Prior to the Stockholm Exhibition of 1930 (a showcase of design and architecture), Swedish art reflected the typical Nordic anxieties and introspection that we’ve seen throughout the series.
There were turbulent seascapes, gloomy landscapes and melancholy portraits. But, as Andrew Graham-Dixon points out, because Sweden didn’t participate in the First World War its post-war art was “softer and more benign than that of its counterparts in Italy, Germany and France”.
Those with a passing acquaintance with Ikea will recognise its links to the functionalist aesthetic and Carl Larsson’s charming paintings of family life, while we also learn the origins of Scandi-noir drama.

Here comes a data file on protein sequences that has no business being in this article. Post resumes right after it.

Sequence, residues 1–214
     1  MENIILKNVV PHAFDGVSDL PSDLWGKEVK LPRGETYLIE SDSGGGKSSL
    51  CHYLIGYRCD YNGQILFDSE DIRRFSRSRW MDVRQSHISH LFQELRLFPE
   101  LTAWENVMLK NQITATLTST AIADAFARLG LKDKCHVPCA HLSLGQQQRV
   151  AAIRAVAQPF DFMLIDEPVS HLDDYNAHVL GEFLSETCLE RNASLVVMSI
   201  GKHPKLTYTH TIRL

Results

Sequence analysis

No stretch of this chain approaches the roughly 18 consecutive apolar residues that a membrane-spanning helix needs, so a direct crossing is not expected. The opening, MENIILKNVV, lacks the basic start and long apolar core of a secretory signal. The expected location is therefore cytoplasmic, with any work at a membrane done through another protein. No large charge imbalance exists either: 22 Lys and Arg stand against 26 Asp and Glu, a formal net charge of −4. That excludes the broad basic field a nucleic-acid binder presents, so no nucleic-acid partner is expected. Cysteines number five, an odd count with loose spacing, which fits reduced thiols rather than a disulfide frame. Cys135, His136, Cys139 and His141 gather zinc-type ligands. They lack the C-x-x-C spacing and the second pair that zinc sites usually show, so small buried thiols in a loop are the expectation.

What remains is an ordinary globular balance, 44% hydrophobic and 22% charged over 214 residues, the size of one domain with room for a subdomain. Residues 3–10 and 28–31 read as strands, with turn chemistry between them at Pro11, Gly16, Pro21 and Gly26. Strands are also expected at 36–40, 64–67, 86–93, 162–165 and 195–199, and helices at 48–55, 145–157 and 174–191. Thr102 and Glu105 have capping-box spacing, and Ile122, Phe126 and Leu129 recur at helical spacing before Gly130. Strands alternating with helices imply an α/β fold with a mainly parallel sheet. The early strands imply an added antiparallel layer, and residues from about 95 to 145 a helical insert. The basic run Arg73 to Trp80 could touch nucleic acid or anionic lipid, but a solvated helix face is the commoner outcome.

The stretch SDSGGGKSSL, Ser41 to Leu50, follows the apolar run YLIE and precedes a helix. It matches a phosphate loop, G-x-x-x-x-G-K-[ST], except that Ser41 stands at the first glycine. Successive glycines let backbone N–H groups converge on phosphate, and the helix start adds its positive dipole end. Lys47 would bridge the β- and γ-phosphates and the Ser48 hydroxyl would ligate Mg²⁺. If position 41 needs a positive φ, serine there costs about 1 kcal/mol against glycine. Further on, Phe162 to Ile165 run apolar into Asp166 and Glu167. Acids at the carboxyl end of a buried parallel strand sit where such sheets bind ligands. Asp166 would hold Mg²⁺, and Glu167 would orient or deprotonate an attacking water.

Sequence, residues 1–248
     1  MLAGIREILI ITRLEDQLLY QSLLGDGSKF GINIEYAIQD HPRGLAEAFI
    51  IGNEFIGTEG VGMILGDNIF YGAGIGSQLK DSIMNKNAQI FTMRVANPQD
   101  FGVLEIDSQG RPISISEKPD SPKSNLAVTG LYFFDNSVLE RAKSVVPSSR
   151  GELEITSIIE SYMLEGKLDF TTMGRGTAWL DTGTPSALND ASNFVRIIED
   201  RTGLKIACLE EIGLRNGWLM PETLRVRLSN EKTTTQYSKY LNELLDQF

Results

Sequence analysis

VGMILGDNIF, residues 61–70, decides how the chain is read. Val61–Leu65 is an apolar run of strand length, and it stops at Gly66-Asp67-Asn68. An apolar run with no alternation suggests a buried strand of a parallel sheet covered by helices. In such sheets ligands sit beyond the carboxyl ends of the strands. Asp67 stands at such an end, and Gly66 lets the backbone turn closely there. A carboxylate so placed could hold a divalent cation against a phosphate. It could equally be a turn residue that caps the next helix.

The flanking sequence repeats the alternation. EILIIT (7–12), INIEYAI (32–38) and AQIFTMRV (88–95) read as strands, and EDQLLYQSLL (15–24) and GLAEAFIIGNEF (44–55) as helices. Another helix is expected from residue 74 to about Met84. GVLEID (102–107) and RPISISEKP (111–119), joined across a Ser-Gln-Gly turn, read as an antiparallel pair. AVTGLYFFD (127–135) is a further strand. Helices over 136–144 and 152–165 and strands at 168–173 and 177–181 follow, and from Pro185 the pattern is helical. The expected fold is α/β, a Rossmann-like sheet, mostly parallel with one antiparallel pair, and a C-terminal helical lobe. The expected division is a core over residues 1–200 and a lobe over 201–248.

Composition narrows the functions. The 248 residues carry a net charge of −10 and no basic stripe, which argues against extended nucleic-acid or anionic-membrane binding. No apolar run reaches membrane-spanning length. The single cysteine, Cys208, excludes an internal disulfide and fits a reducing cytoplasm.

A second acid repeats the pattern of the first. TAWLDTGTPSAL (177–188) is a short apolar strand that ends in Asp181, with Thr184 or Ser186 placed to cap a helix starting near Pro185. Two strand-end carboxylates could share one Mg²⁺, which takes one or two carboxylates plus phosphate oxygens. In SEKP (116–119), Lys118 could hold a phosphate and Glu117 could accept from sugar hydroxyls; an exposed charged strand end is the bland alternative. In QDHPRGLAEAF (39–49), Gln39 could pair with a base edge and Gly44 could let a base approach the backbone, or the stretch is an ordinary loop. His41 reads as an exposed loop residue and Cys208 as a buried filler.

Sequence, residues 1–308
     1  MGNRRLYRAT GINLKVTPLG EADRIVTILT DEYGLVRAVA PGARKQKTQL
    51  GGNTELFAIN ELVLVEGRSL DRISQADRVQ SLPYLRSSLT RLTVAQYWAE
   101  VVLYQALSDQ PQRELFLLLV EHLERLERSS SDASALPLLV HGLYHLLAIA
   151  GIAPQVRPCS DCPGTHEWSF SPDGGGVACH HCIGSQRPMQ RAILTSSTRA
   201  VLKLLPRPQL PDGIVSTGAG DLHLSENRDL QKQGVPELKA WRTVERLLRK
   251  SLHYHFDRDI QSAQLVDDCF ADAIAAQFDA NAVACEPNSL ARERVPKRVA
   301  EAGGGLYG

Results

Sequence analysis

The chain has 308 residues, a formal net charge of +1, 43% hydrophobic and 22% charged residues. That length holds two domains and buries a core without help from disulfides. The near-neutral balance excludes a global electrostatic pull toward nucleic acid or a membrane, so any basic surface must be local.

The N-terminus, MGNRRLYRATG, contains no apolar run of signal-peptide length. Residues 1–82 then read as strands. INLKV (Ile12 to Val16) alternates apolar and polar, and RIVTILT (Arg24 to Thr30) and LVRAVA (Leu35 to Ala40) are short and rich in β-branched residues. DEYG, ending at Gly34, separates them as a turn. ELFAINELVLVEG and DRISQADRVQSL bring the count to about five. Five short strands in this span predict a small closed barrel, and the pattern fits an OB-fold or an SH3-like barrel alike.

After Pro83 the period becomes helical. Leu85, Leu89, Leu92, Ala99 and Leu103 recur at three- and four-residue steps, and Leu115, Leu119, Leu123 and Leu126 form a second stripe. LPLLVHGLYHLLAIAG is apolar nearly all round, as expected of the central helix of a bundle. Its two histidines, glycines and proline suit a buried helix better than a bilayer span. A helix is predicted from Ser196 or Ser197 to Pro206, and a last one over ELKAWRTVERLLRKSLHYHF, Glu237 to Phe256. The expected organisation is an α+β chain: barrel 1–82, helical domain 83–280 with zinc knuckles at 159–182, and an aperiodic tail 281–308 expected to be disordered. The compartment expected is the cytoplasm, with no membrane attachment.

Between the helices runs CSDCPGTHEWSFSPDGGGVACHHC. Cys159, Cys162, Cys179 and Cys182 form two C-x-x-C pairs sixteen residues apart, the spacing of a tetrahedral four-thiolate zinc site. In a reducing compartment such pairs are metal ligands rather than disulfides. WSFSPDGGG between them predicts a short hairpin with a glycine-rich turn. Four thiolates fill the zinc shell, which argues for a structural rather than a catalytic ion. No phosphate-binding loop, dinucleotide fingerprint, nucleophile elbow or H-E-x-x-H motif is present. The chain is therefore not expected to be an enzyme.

Andrew arrives in Sweden - home of IKEA and a tradition of brilliant furniture design stretching back to the early years of the 20th century. Sweden has made its modern democratic mission one of comfort and civilised living for the masses - but has it got there?